Turks Georgians Azeris Unite to Protect Oil Line

ANKARA (Reuters)–Turkey–Georgia and Azerbaijan signed a security pact on Tuesday designed to protect a $2.9 billion oil pipeline being built through the three countries in the turbulent Caucasus from "terrorist" attack.

NATO member Turkey and its close ally the United States have been trying for years to forge alliances that could help stabilize the Caucasus region and counterbalance Russian and Iranian influence.

"Since September 11 the importance of our cooperation has increased further," Turkish President Ahmet Necdet Sezer said in televised remarks after the signing ceremony in the northeastern Turkish city of Trabzon.

American military experts arrived in Georgia on Tuesday to help the impoverished former Soviet state fight Islamic extremists as part of the US-led campaign against "terrorism."

Sezer and Georgian and Azeri counterparts Eduard Shevardnadze and Haydar Aliyev stressed their pact on "combating terrorism–organized crime and other major crimes" did not represent a coalition against any other country.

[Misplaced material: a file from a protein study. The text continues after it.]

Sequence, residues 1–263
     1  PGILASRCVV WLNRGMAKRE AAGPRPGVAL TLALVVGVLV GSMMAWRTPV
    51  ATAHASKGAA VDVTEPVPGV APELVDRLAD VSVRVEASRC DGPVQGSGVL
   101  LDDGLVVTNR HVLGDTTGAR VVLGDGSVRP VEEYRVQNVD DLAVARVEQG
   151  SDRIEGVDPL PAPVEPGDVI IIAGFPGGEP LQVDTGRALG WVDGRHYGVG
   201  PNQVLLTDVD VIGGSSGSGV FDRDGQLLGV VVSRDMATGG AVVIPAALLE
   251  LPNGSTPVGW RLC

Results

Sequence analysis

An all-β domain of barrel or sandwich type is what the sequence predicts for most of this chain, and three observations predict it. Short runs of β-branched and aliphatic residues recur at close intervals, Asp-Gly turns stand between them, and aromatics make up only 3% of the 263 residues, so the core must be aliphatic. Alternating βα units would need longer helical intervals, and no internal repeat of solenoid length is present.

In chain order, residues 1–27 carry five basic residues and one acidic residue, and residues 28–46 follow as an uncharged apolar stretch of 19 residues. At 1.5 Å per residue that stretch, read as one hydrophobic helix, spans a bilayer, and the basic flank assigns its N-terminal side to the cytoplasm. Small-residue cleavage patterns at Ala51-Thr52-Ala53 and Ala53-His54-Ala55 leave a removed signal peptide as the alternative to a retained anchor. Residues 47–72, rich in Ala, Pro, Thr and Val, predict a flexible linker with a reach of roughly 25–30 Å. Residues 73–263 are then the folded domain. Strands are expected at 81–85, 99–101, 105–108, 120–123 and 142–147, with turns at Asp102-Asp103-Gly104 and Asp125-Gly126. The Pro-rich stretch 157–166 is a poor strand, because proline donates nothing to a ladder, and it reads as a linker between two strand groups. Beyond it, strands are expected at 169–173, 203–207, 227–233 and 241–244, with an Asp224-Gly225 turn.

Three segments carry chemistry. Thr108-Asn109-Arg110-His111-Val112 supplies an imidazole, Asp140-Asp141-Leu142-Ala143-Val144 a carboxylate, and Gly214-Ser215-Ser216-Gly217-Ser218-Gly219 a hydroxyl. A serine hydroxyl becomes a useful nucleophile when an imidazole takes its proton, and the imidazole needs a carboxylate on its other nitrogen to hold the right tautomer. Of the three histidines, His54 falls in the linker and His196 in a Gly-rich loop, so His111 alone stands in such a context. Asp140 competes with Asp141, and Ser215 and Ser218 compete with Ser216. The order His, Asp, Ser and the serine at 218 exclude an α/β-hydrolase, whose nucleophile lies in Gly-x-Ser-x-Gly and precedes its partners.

Sezer said it would open the way for a deal on how to protect the major crude oil pipeline that will carry Caspian oil from the Azerbaijan capital of Baku–via Georgia’s capital Tbilisi to the Turkish Mediterranean port of Ceyhan.

The 1,075-mile pipeline–to be built by a consortium led by oil giant BP should open in 2005 and carry Azeri crude to world markets through isolated and often inhospitable terrain that may expose it to attack.

"The foundation has been laid for trilateral cooperation to secure the security of the east-west corridor and in the international struggle against terrorism," Aliyev said.

The pipeline was chosen ahead of Russian and Iranian alternatives after intensive US and Turkish lobbying of oil companies and regional countries.

With the Russian province of Chechnya to the north and many festering territorial disputes in the south of the Caucasus–the pipeline could be a target for a range of groups.

Russia has watched the US presence in its traditional backyard with some caution and Shevardnadze refused to comment on Russian media alarm at the arrival of US forces.

"We took a decision on the basis of national interests. I cannot comment on the excitement in the Russian press," he said–speaking through a translator.

The US is a major arms supplier to Turkey–which has waged a decades-long battle against Kurdistan Workers’ Party (PKK) forces in its impoverished and mainly Kurdish southeast.

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